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Bowman Gray renovation in Winston-Salem takes step forward
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Bowman Gray renovation in Winston-Salem takes step forward

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A massive renovation at Bowman Gray Stadium took a step forward on Monday as the Finance Committee of the Winston-Salem City Council voted unanimously to recommend a joint venture between two companies to do the work.

The $9 million project will include regrading the football field and installing an irrigation system, resurfacing the race track and building two new restrooms and concession stands. The heating and air conditioning in the field house will be replaced and new flooring installed in the corridor leading to the Winston-Salem State University Athletics Department office suite.

Frank L. Blum Construction Co. and W.C. Construction, operating as a joint venture, will do the project for a guaranteed maximum price of $8,037,942.

The city council is expected to act on the contract on Monday.

Blum has a 65% stake in the joint venture, city officials said Monday, while W.C. Construction, a minority-owned business, has a 35% stake in the project.

The maximum price means that the city will not be required to pay more than that amount unless the city and the contractors agree to do so.

But if the price comes in under the bid amount, more options emerge: While the companies and the city could decide to split the savings, a savings would also give the city the option of doing additional work, said Assistant City Manager Ben Rowe.

Additional items could include canopies at the three entrances to the stadium to provide cover for the ticket booths, a new heating and air-conditioning system for the West Press Box, a new videoboard, parking bumpers for the east parking lot and removable signage with banner attachments.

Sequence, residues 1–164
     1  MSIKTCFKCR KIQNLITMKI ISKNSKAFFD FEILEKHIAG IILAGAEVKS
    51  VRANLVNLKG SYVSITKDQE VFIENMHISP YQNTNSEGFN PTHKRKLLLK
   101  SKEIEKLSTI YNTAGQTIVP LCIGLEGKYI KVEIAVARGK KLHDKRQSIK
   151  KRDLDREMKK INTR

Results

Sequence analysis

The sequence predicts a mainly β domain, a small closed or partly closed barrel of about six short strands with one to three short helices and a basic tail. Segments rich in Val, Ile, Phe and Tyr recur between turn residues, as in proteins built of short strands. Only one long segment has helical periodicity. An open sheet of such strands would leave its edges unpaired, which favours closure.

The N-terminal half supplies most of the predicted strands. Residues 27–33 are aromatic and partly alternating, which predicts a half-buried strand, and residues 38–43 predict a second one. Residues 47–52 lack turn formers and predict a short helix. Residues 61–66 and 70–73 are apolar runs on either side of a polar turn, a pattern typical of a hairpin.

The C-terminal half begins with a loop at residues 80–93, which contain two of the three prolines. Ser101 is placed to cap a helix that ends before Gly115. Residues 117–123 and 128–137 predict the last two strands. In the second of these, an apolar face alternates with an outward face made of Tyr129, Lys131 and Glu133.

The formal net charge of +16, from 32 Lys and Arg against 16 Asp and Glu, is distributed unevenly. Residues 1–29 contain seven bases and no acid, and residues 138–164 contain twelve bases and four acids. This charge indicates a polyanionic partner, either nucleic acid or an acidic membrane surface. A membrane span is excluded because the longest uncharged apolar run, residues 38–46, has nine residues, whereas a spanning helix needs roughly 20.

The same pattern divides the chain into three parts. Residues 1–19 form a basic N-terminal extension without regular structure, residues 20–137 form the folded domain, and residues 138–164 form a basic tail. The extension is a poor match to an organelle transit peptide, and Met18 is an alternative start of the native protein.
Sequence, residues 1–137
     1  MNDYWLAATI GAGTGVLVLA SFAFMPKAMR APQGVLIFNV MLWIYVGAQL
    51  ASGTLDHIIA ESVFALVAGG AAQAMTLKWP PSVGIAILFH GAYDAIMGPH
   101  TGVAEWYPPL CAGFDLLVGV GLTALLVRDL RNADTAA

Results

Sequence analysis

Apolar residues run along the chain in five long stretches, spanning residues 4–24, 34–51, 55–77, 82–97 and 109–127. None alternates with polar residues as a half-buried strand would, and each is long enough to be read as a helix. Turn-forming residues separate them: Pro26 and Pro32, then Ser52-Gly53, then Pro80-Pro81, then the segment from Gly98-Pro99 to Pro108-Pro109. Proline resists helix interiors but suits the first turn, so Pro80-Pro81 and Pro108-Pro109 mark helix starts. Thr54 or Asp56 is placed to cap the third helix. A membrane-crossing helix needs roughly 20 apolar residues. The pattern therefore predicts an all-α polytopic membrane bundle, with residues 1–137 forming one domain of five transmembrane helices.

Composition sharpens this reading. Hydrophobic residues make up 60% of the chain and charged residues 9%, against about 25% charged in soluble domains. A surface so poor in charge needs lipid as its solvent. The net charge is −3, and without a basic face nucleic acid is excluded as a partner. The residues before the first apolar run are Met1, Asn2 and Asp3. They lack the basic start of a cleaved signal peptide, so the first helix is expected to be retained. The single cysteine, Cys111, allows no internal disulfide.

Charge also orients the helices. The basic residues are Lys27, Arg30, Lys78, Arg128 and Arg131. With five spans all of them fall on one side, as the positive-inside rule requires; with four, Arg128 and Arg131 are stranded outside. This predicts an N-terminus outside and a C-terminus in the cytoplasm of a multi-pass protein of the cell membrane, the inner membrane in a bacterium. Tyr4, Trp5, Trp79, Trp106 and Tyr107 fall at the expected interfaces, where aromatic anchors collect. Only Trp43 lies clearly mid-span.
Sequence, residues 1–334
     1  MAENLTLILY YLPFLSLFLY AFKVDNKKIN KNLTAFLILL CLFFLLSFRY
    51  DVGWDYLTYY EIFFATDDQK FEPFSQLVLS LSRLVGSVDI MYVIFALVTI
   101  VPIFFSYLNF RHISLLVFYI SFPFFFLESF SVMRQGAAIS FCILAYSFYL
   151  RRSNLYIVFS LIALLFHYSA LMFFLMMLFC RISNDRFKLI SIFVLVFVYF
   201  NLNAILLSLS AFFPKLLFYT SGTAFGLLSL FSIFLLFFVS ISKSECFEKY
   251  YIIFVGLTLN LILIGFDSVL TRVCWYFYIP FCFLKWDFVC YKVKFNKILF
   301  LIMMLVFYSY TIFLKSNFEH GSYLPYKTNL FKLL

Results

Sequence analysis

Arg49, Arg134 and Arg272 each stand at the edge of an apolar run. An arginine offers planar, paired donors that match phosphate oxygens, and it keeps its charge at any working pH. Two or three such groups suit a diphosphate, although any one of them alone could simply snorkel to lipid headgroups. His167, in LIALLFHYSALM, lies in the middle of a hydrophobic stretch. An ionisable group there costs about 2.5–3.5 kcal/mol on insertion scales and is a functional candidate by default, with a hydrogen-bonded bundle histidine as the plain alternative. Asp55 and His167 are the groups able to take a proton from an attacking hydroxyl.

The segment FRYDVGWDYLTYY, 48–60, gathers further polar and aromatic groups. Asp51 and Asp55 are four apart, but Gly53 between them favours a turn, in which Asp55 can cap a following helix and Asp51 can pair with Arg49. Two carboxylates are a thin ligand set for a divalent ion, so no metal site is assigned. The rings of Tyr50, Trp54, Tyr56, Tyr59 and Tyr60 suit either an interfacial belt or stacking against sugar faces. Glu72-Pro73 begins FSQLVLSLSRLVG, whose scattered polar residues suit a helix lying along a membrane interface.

Blum and W.C. Construction have also agreed to subcontract 16.5% of the project to minority-owned companies and 19% to women-owned companies.

North Ward Council Member D.D. Adams complained that the city is still not providing as much business as it should to companies that are owned by "Black and brown" residents. Nonetheless, Adams joined the three other members of the finance committee — Robert Clark, Jeff MacIntosh and James Taylor — to give the project a unanimous endorsement.

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Bowman Gray Stadium is home to both Winston-Salem Speedway Inc. and the football program at WSSU. NASCAR-sanctioned auto racing takes place in the stadium from April until August, and WSSU plays home football games there in the fall.

In 2013, the city approved the sale of the stadium to WSSU, but delays in getting state approval led the university in 2018 to abandon attempts to acquire the stadium. Subsequently, the city developed plans for the $9 million renovation.

In September 2019, the city awarded a design contract to Walter Robbs Callahan & Pierce Architects, and in November 2019 the city picked Blum for pre-construction services.

In addition to the approximately $8 million in construction costs, the project includes $710,000 in design costs $237,400 in contingency and $129,000 in other project costs.

Although the COVID-19 pandemic has put a crimp in a lot of business activities, it is actually making it easier for the city to proceed with renovations at a time the stadium is not being used.

Rowe said Blum is prepared to start mobilizing for construction as early as November with work on the restrooms and concession stands. Work on the football field would be going on in the spring, and the entire renovation could be finished by early 2022, in advance of the 2022 NASCAR racing season.

In other action, the city Finance Committee recommended that the council award a contract to Garanco., Inc. for the first phase of improvements at Long Creek Park, which the city bought in 2017 with the help of The Conservation Fund.

The property is the former Long Creek Golf Course off Bethania-Tobaccoville Road.

Garanco, a company based in Mount Airy, is doing the project at a cost of $1.5 million. The project is being paid for from the 2018 bonds approved by voters in a referendum.

The improvements planned for the first phase include a market shelter, a pool bathhouse with an expanded concrete pool deck, concrete walks, fencing, stairs and other improvements including a 91-space parking lot and repaving of the existing access drive.

Finance also recommended that Bar Construction Co. of Greensboro get a playground renovation contract for Brushy Fork and Winston Lake parks, at a cost of $700,000, and that Magnolia Construction LLC get the contract to renovate Russell Community Center at a cost of about $710,000.

336-727-7369 

@wyoungWSJ

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